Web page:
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Discussion Starter #1
Dec 7 1941

Had the news on since 4:30am and not one mention of the attack on Pearl Harbor.

Guess it's not politically correct anymore. :boom:

{salute(
 

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Just Sayin'
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Thanks for posting that picture. And Thank You Vets for your present and/or past service to this country. Because of you, we sleep safe in our beds at night.{salute(


:USA:
 

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Make me use my bullet?
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I have noticed this the last few years, not much mention of it.

My calendar still says Pearl Harbor Day. Thanks to those who paid the ultimate price.
 

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Sadly I have not seen it mention last few years myself, I'll see it on FB passed along by folks.

God Bless that Generation! I don't expect us to ever see another generation like them.
 

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I've been so busy here at work, I didn't even know what today's date was.:duh?:

God Bless all of those who paid the ultimate price that day.:USA:
 

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Recognition of this solemn event as well as rembrance on 9/11 is slowing disappearing. Much like Veterans Day Parades.


Sent from my iPhone using Tapatalk
 

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Ya, not much interest in National Honor these days. And the big media is targeted on the large metro areas, so the news is going to tilt to the left, so as to keep the minions happy.

But the message is still good. The USAF was supposed to put a pair of bombers over South Korea yesterday, to piss Short&Round off. Only one was able to get off the ground in Guam. The other had a maintenance abort and no one had considered having a standby on alert.

So I'm guessing that the USAF probably has true combat ready numbers similar to the Navy and Marines. And events are dictating the need for warm fuzzy relations with the Japanese. Russia and China would seem to be ready to honor their treaties with the S&R.

But it is the 7th, so perhaps a little reflection is in order.
 

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The Best Me I Can Be
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Sadly I have not seen it mention last few years myself, I'll see it on FB passed along by folks.

God Bless that Generation! I don't expect us to ever see another generation like them.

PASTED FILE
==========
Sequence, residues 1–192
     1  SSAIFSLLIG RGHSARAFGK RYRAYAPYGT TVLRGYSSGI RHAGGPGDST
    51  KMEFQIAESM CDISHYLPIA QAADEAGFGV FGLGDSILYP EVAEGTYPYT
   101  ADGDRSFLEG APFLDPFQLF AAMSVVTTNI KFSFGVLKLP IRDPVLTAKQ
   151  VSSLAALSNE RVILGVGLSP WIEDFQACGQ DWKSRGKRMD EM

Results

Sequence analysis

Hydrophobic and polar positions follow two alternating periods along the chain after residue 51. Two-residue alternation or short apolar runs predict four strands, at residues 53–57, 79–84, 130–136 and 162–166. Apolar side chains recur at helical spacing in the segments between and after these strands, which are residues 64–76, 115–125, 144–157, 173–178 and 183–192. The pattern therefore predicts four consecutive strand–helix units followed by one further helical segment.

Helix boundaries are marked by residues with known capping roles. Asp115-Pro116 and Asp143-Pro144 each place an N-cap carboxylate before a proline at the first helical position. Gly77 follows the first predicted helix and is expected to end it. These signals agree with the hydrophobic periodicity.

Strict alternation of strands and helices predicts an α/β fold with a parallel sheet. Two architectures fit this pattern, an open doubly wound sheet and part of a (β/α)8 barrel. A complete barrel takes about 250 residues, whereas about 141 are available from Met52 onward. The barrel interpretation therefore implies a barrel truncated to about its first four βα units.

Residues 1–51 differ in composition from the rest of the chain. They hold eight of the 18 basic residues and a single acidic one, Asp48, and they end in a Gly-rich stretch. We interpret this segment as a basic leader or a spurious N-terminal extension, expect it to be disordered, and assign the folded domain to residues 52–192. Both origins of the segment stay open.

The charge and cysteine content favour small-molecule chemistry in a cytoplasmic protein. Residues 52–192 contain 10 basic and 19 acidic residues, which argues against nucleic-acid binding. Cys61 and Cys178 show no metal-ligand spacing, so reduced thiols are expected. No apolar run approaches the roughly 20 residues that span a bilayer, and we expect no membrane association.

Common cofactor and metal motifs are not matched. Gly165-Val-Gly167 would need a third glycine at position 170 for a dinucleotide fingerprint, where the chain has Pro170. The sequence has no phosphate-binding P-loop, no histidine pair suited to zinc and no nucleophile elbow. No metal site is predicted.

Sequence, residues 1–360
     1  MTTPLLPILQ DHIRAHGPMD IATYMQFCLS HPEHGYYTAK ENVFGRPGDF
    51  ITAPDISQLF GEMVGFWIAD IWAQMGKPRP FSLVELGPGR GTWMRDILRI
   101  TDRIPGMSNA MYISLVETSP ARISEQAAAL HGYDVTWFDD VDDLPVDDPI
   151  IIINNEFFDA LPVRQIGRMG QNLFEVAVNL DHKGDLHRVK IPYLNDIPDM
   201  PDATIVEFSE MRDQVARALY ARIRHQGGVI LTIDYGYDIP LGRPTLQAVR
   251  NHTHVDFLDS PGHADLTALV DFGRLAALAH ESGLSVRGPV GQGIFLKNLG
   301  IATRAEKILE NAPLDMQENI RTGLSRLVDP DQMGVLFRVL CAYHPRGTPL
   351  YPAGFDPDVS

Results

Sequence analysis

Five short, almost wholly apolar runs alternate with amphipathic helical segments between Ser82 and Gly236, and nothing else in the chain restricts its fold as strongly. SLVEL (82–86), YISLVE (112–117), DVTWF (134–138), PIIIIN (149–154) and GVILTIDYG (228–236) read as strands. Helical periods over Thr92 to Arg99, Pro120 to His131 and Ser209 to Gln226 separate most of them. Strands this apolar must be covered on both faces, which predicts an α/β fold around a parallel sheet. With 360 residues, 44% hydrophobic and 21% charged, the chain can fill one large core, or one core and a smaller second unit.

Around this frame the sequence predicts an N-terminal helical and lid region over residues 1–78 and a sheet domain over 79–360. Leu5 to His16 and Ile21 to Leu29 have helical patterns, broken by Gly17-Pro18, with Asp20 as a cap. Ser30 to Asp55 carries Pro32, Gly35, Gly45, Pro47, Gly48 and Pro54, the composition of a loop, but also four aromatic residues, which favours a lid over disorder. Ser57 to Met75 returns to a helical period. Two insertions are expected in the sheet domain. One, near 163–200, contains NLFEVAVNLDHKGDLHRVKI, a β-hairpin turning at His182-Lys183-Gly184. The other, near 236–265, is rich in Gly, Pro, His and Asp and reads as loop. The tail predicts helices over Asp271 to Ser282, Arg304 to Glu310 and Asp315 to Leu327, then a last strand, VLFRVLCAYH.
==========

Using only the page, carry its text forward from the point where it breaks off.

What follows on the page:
I refuse to believe that. I'm afraid though that it'll take a more horrific event to get our heads out this time. I've read that the Japanese thought us soft and decadent then. I'm afraid we're worse now but not beyond hope.

I think circumstances make heroes.

joe
 

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Discussion Starter #12
One thing that has always confused me was the hatred toward post-war Japanese products , especially motorcycles by the Harley crowd , yet German-made products for the most part , were accepted. Harley Davidson even had a model called the Fat Boy , an acronym for Fat Man and Little Boy , the code names for the atomic bombs dropped on Hiroshima and Nagasaki. Ironically , or perhaps hypocritically , a good portion of the parts in those bikes were made in Japan. And the new machining centers used to make the major EVO motor parts were made by OKUMA , not a Milwaukee-based company.

My father , who fought in WWII , wounded during the Battle of the Bulge , and was a Liberator , who went into the concentration camps because he spoke fluent Polish (his parents came from Poland), had indifference to Japanese , but absolute seething hatred for Nazi Germans. We weren't even allowed to watch Hogan's Heroes growing up. He didn't find anything about POW camps funny.
 

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One thing that has always confused me was the hatred toward post-war Japanese products , especially motorcycles by the Harley crowd , yet German-made products for the most part , were accepted. Harley Davidson even had a model called the Fat Boy , an acronym for Fat Man and Little Boy , the code names for the atomic bombs dropped on Hiroshima and Nagasaki. Ironically , or perhaps hypocritically , a good portion of the parts in those bikes were made in Japan. And the new machining centers used to make the major EVO motor parts were made by OKUMA , not a Milwaukee-based company.

My father , who fought in WWII , wounded during the Battle of the Bulge , and was a Liberator , who went into the concentration camps because he spoke fluent Polish (his parents came from Poland), had indifference to Japanese , but absolute seething hatred for Nazi Germans. We weren't even allowed to watch Hogan's Heroes growing up. He didn't find anything about POW camps funny.
My grandmother felt the same about Hogan’s.
On the other maybe because they were the ones that attacked the homeland.
 

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9/11 was the second sucker punch. a much more elusive
and cowardly enemy.

if anyone finds the time watch the documentary "restrepo",
503rd inf reg, 173rd abn......grunts in the korengal valley
afghanistan.....you'll see some of the best this country has
to offer.
 
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